This project’s objective is to help improve knowledge regarding consumer perspectives of conventional car mobility and transport innovations in Canada, with particular focus on fully automated vehicles (FAVs), or vehicles that can drive themselves without requiring a driver to be paying attention. Innovations can alter the transport sector’s environmental sustainability – for example, electric vehicles are key in lowering greenhouse gas emissions, while FAV impacts are uncertain.
This project aims to develop an integrated watershed-lake framework for Don River watershed draining into the Toronto Harbour to assess the best management practices towards improving the water quality in Toronto and Region Area of Concern (AOC). The framework will evaluate the impacts of suspended solids and bioavailable nutrients delivered by surface runoff and lake upwelling events on Toronto Harbour water quality, and their subsequent effects on eutrophication and growth of undesirable algae.
A new process to create greenhouse glazing using 3D Printing is prototyped and tested. Using the principle of layer height fusion of plastic, new glazing will be created to provide shading and diffused light. The 3D Printed glazing will also be changed through the 3D Printer to change the amount of shading and diffused light, a benefit in hot climates.
Innovation and change are critical in the management of environmental, social, and economic stewardship. Developing avenues for effective innovation growth is a worthy objective. This research examines the potential for innovation surrounding Teaching Forests in the Northern Hemisphere. Through evaluative and exploratory research, an inductive approach is taken using tools of survey and interview of key Teaching Forest Managers to create new knowledge on this topic.
The general objective of the proposed activity is to increase the future productivity of Burrard Inlet and the contribution of seafood to the diet of Tsleil-Waututh Nation (TWN) members in support of the TWN Cumulative Effects Monitoring Initiative.
Online Digital Hubs (ODH) have the capacity to promote resiliency and connectivity, countering barriers to accessibility and disruption (Lamport-Lewis & Deacon 2020; McShane et.al 2012; Rundel et.al 2020). This is of particular relevance in rural and peri-rural spaces as traditional third spaces such as churches and community centers are in decline, taking with it opportunity for knowledge sharing and overlooking the lack of resources for new and atypical voices in community planning.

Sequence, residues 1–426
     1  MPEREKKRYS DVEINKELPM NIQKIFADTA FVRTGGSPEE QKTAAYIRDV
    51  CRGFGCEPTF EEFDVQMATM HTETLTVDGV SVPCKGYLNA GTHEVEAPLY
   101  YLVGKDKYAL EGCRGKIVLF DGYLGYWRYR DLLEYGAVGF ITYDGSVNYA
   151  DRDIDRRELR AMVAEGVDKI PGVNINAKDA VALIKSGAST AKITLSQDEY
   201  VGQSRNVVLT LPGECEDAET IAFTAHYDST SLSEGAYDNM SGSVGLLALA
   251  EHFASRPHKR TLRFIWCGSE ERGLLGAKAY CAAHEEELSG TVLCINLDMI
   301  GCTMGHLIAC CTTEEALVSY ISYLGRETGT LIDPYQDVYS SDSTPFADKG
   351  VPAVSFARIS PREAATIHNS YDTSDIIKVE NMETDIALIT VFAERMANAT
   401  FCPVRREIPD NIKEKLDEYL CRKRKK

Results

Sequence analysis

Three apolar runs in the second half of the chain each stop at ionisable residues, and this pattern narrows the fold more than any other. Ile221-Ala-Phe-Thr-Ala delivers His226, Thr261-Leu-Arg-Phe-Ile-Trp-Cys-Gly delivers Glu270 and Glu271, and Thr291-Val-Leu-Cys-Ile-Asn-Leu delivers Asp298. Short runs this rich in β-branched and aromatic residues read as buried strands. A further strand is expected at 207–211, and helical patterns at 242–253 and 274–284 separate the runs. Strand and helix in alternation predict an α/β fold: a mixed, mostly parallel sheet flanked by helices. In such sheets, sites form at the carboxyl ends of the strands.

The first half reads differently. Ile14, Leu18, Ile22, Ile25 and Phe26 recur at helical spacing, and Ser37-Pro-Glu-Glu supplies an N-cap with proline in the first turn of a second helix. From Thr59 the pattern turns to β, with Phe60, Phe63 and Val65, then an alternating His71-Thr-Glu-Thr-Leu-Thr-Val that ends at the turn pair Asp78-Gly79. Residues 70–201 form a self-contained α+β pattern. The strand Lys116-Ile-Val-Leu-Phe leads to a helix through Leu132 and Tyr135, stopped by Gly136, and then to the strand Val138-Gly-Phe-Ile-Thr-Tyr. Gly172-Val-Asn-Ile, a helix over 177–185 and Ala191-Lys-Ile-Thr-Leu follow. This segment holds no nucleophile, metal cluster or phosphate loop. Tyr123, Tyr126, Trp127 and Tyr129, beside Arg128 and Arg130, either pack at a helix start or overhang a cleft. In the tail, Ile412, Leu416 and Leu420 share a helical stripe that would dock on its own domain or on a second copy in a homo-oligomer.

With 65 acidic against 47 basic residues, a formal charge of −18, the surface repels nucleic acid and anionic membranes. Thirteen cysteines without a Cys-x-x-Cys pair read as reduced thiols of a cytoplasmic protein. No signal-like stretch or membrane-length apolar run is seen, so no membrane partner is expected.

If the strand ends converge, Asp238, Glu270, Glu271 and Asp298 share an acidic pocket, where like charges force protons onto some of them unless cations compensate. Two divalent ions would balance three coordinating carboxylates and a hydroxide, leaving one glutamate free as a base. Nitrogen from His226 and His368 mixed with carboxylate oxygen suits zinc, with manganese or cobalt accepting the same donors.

The ubiquity of smartphones and their embedded technologies today can provide transportation agencies with affordable travel survey methods which place less burden on respondents and enables collection of continuous, high quality travel data. Such technologies, however, have not yet made the leap from speciality tools of academia to industry, primarily due to the specificity of domain knowledge required to produce useful information and gaps in the literature due to the difficulty of implementation.
Salmonid populations are increasingly challenged by interruptions in watershed connectivity, and limited access to critical habitat. For spawning and rearing, salmonids require diverse habitat features, including gravel beds and large streamwood. However, many watersheds are deficient in large streamwood and gravel, in part due to dam structures limiting downstream transport. Therefore, there is a need to evaluate whether gravel and large streamwood deficiencies are occurring in the lower Seymour River (River) downstream the dam.
Municipalities across Canada have declared climate emergencies but are they able to deliver solutions and make change in their communities? What is the role of municipal land use planning tools, such as zoning, green performance standards, and urban design guidelines? Which tools are poised to have the highest impact? Climate change policies related to energy and emissions reductions are now included in virtually all comprehensive municipal plans. The purpose of this research is to understand how policies set out in community climate action plans are going to be implemented.
Canada works towards designating 30% of our national waters as Marine Protected Area (MPA) by 2030. The need to collect baseline information and monitor such a huge territory, which is equivalent to the area covered by Alberta, Manitoba, New Brunswick, and Nova Scotia altogether, will be next to impossible without a paradigm shift in the way field observation data are processed. We propose a platform for automatic classification of bedrock and species for habitat classification, coastal monitoring, and resource assessments.